Last and certainly not least, I would like to thank my wife-to-be, Stacy Lucas, for the time she took out of her life to take care of mine, and for being my main inspiration on this wonderful project. Without her love and support, my work on it would not have been possible.
ÎLE DE LA CITÉ
Two hundred and fifty years before Julius Caesar pulled up to shore and camped on Île de la Cité in 53 B.C., a Celtic tribe known as Parisii (boat people) occupied the island and the land on both its banks, and cruised the waters of the Seine in lucrative trading. They called the land Lutetia, which meant “boatyard on the water.” Caesar expanded his empire by crushing a Parisii rebellion, and the Romans renamed their settlement Lutetia Parisiorum. They rebuilt the town, walled it off, and constructed a temple to Jupiter and Caesar on the site of the future Notre-Dame cathedral. They also built bridges to connect the banks, and the city spread outward from Île de la Cité through centuries of struggle and warfare, bombardment and occupation. Christianity intervened, then the Franks invaded, and Charlemagne ruled benevolently from afar but encouraged trade and commerce. Enter the Vikings in the ninth century. Their repeated sackings caused a retreat to the island as the outlying areas were not defensible. In the twelfth century, the Knights Templer assumed control and Bishop Maurice de Sully began construction on Notre-Dame.
The French monarchy developed and took command in reaction to the repeated Viking incursions and the lack of effective action by the foreign rulers: Governor Hugh Capet ascended the throne and made Paris his capital; Île de la Cité became the site of his home, where now stands the Palais de Justice. Philip II occupied the medieval palace complex that today includes Sainte-Chapelle. He developed Paris into being the center of what was considered Europe during the Middle Ages, and expanded the old Roman wall around the island and beyond. Medieval life on Île de la Cité was a tangled web of streets and markets and buildings. By the mid–nineteenth century, when Napoléon III named George Haussmann his prefect of Paris and placed him in charge of urban renewal, life on the island had deteriorated: Streets were narrow, twisted, and filthy—crowded and squalid. Haussmann engineered new routes, widening streets and razing old buildings. The result of his tinkering left Notre-Dame with breathing room, while opening the door to a twentieth-century maze of tourist buses. Essentially, he created modern Paris. Though its actual administration was divided into the first and fourth arrondissements, Île de la Cité is its heart.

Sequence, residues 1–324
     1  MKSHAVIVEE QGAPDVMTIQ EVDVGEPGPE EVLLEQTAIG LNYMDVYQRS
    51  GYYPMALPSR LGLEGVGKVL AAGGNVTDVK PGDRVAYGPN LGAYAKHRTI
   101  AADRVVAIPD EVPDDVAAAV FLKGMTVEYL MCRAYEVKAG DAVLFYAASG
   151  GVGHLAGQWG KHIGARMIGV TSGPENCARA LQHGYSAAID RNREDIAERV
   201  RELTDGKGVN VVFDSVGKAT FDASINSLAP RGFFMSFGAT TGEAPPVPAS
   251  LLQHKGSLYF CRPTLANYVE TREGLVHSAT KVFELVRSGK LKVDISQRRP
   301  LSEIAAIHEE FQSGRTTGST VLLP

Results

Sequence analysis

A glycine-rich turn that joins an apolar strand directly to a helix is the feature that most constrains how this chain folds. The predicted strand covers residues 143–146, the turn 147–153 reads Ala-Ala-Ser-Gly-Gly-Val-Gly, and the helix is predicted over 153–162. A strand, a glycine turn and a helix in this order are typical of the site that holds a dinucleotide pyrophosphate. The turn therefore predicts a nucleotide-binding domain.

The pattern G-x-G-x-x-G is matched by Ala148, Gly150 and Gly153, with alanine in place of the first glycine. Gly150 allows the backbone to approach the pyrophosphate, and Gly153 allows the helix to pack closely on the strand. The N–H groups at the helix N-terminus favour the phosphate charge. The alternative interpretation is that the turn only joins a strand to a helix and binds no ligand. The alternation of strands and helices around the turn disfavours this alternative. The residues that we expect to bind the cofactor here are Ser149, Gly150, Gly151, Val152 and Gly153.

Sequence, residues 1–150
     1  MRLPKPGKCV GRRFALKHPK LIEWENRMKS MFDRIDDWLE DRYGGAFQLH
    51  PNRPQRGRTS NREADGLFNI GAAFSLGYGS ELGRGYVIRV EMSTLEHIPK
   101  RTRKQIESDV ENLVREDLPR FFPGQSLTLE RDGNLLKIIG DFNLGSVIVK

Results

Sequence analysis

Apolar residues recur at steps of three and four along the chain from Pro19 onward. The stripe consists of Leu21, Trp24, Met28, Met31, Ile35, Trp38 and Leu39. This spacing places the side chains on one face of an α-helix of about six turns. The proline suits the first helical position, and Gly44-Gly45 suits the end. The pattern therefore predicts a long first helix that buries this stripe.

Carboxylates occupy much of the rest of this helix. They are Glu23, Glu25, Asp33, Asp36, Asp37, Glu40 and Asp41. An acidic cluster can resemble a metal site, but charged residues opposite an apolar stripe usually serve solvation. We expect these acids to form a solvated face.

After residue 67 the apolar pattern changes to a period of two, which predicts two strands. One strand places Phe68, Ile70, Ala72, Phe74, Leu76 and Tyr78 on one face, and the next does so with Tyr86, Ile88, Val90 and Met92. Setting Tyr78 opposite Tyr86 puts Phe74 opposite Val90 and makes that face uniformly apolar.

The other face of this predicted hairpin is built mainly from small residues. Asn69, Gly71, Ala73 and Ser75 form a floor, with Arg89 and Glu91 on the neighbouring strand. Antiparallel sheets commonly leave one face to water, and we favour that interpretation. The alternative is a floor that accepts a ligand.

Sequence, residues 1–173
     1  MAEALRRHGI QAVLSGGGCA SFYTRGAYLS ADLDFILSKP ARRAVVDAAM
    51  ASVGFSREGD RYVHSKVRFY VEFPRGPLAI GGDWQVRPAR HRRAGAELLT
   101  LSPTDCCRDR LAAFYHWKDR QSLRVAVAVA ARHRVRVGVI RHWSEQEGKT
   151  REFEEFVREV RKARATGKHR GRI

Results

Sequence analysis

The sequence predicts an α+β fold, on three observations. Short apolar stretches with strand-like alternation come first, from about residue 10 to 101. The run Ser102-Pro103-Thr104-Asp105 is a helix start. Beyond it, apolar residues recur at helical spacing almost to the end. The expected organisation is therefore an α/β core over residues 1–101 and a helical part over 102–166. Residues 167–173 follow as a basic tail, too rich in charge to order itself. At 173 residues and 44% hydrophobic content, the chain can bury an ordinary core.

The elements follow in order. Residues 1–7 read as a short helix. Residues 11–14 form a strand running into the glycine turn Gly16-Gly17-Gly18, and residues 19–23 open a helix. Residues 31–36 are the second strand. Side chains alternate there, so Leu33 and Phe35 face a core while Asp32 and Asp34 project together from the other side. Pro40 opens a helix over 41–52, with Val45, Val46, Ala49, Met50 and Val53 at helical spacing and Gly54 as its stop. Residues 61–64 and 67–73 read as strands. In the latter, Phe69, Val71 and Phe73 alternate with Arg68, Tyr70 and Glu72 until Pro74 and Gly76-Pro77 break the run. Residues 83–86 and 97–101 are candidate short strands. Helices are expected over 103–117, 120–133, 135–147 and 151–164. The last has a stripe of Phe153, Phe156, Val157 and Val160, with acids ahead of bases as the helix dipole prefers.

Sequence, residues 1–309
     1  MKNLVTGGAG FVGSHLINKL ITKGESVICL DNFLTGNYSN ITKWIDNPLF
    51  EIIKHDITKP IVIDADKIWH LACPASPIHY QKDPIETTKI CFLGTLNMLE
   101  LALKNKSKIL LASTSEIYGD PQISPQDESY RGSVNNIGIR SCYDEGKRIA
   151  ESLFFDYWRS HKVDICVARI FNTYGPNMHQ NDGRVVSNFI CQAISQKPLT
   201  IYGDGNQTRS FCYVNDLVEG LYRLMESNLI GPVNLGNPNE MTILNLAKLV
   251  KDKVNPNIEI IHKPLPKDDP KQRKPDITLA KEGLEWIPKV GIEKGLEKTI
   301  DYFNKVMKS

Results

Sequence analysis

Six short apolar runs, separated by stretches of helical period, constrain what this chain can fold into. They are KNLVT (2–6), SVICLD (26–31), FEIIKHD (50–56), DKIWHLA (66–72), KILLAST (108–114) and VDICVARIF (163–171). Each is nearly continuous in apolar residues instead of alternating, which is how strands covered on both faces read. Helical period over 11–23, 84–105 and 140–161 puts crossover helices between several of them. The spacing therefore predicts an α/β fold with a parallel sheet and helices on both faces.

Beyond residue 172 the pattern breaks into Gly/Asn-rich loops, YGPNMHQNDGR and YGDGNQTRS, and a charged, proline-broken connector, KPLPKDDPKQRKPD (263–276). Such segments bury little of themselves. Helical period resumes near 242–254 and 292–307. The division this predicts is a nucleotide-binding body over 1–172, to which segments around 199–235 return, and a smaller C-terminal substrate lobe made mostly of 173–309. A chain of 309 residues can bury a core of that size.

Notre-Dame de Paris
PLACE DU PARVIS—NOTRE-DAME
c. 1160, ORIGINAL ARCHITECTS UNKNOWN; c. 1250–58, JEAN DE CHELLES; SECOND HALF OF THIRTEENTH CENTURY, PIERRE DE MONTREUIL; 1296–1325, PIERRE DE CHELLES AND JEAN RAVY; 1699–1715, ROBERT DE COTTE, CHOIR DECORATION; 1728–29, GERMAIN BOFFRAND, CROSSING VAULT REBUILT AND RESTORATION; 1841–64, RESTORATION OVERSIGHT BY JEAN-BAPTISTE LASSUS AND EUGÈNE VIOLLET-LE-DUC
WEST TIP OF ÎLE DE LA CITÉ
1607–19, ATTRIBUTED TO LOUIS MÉTEZEAU
Palais de Justice
4, BOULEVARD DU PALAIS
1776–83, JOSEPH-ABEL COUTURE, PIERRE DESMAISONS, JACQUES-DENIS ANTOINE, COUR DU MAI SIDE
1, QUAI DE LA CORSE
1296–1313, ENGUERRAND DE MARGINY
Tribunal de Commerce
3, QUAI DE LA CORSE
1860–65, ANTOINE-NICHOLAS BAILLY
Préfecture de Police
7, BOULEVARD DU PALAIS AT RUE DE LUTÈCE
1862-65, VICTOR CALLIAT
4, BOULEVARD DU PALAIS
1241–48, ATTRIBUTED TO PIERRE DE MONTREUIL, THOMAS DE CORMONT, OR ROBERT DE LUZARCHES
Pont des Arts
One, rue des Chantres
AT 1–3, RUE DES URSINS
1958, FERNAND POUILLON
1, PLACE DU PARVIS NOTRE-DAME
1864–74, JACQUES GILBERT; 1874–77, STANISLAS DIET
Buildings on quai aux Fleurs
1769, PIERRE-LOUIS MOREAU
Grand squares, ancient buildings, and modern additions all shape this royal arrondissement. The sweeping vista of water, sky, and greenery includes Pont-Neuf and place Dauphine on the tip of Île de la Cité, and extends north from the Seine, encompassing the Jardin des Tuileries and the Louvre. World-renowned since its twelfth-century origins through I. M. Pei’s bold, twentieth-century glass pyramid addition, the Louvre was a royal residence long before it evolved into a museum. Nearby, the revitalized gardens of Palais-Royal—former private home of Cardinal Richelieu —also represent the area’s regal heritage, as well as its common roots as a place of revelry. At the eastern edge of the first arrondissement, Forum des Halles—a subterranean shopping mall—replaced Paris’s medieval food market, Les Halles, razed in 1969, and is a modern reminder of those rousing days and nights.